It’s hard to let go of winning stocks – typically, they keep winning because the businesses behind them are great. It takes discipline to take some profits off the table.
The folks at Altfest Personal Wealth Management, a New York City advisory firm, understand this. “There’s a lot to like about Apple (AAPL),” says investment strategist and portfolio manager Mayukh Poddar. “It’s a great business, its balance sheet is good, and it dominates its market.” But in 2019, the firm began to reduce its holdings in the stock because it had become “quite expensive” on a variety of measures.
Figuring out if a stock is overpriced requires some work. You must develop a sense of what a business is worth, based on financial statements, the strength of its brand and the competition. It’s the kind of analysis that investors should do before they buy a stock, but often don’t, says Christian Koch, a CFP based in Atlanta.
At a minimum, if a stock price is soaring, make sure that revenues and earnings are still increasing at a commensurate pace. The price-earnings (P/E) ratio is a popular gauge of how expensive a stock is relative to other stocks or to the broad market. The S&P 500 Index currently trades at a P/E of 21, based on estimated earnings for the year ahead.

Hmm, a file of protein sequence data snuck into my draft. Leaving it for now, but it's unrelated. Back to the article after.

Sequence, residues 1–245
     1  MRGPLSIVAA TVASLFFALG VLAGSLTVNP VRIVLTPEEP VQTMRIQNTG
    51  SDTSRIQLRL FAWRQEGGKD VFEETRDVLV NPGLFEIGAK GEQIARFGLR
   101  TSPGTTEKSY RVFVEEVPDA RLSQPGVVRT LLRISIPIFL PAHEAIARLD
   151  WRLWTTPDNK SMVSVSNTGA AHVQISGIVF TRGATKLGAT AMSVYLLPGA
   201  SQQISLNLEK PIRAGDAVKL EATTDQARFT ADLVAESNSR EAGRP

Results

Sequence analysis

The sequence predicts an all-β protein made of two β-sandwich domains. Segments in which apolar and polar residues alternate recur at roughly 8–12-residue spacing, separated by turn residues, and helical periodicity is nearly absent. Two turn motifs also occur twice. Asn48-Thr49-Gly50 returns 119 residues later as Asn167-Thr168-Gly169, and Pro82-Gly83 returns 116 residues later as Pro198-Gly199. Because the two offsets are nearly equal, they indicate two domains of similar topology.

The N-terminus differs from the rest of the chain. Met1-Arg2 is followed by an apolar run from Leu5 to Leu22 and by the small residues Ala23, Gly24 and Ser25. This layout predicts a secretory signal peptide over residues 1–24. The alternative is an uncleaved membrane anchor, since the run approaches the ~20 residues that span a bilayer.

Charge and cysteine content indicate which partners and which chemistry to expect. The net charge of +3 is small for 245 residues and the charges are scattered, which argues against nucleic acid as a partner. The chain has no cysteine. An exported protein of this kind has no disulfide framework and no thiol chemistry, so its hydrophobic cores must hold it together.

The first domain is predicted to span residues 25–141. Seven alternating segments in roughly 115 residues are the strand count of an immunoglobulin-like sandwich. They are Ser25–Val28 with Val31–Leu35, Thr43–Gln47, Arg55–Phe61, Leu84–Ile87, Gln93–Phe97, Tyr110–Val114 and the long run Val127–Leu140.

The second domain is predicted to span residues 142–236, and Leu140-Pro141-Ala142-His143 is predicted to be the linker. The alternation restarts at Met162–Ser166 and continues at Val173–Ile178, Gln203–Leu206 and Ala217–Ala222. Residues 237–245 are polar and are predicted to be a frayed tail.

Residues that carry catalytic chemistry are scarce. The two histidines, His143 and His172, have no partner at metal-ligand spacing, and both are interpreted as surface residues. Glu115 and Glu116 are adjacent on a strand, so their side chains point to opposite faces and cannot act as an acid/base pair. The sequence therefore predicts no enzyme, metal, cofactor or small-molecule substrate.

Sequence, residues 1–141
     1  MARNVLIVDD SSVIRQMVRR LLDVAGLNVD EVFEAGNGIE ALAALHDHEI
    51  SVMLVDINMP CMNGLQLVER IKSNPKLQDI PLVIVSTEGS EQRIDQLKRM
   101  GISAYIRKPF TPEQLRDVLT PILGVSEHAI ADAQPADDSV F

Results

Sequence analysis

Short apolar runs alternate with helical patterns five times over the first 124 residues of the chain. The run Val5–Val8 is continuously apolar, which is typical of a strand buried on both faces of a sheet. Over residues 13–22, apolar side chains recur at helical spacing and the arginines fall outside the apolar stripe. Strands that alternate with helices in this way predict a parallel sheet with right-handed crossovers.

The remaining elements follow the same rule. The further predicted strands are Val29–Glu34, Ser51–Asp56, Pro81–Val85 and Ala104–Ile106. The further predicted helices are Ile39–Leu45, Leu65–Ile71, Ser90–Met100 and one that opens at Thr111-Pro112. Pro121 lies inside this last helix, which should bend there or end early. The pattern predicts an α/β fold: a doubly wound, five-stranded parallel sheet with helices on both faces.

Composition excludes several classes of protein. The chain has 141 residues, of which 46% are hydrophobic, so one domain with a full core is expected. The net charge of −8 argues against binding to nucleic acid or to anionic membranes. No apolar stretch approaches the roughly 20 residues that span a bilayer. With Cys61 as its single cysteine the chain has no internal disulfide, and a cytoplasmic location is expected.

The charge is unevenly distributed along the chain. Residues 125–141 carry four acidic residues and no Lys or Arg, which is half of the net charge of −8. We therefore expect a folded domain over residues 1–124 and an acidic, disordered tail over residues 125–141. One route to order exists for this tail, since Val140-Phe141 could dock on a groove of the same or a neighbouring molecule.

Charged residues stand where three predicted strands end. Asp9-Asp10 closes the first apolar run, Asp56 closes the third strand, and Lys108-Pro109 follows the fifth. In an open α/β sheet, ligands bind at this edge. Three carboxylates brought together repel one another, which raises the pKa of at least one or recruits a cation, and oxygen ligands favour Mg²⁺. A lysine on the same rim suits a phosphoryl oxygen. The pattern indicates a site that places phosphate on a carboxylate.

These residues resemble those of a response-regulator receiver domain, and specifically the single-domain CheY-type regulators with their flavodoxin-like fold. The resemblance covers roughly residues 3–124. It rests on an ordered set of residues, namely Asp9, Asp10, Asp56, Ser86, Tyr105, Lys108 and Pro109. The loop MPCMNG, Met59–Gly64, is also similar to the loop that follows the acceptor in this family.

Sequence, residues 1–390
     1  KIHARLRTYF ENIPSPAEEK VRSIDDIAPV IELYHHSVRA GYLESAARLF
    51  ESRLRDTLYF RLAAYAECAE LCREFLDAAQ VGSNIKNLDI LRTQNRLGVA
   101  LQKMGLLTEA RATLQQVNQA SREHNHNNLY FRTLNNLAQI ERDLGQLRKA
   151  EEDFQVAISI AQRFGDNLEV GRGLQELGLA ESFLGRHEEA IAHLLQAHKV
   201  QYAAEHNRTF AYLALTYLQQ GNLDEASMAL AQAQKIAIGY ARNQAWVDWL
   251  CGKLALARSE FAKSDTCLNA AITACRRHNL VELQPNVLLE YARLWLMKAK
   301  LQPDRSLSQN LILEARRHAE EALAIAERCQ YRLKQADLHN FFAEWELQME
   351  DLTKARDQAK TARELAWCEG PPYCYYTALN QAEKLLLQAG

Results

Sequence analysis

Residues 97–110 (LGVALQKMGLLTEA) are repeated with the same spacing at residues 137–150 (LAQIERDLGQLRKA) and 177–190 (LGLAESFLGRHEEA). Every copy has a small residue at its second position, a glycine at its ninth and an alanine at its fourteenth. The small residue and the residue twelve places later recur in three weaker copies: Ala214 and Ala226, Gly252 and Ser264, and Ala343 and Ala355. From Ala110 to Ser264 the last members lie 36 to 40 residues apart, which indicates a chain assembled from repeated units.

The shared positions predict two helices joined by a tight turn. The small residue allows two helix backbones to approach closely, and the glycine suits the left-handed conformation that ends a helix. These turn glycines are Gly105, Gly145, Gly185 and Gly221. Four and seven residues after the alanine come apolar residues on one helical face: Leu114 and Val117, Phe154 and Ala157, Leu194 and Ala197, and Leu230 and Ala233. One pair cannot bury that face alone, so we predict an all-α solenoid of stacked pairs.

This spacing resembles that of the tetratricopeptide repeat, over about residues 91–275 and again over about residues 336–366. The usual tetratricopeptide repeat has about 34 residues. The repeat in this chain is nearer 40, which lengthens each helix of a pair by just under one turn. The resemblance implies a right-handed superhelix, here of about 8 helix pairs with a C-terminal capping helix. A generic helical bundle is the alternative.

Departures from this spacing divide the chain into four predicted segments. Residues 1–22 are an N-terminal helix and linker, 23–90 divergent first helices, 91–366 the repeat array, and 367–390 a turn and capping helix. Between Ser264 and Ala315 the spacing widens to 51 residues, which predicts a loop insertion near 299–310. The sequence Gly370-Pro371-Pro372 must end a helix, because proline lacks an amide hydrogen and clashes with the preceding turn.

Stock sectors have their own idiosyncrasies – financials trade at an average of 14 times earnings currently; tech trades at 24. Individual stocks can vary even more. A stock’s high P/E might be justifiable, and a low-P/E stock might be no bargain, so it’s important to consider other factors and other financial measures, such as the ratio of price to sales or price to book value (assets minus liabilities). An annual downward trend in any of these measures could signal a shift in the company’s fortunes.
Some investors set a target – say, a 30% gain – and take their winnings when the goal is reached. That’s not a bad strategy, says Ellis. “You never lose if you take a profit,” she says.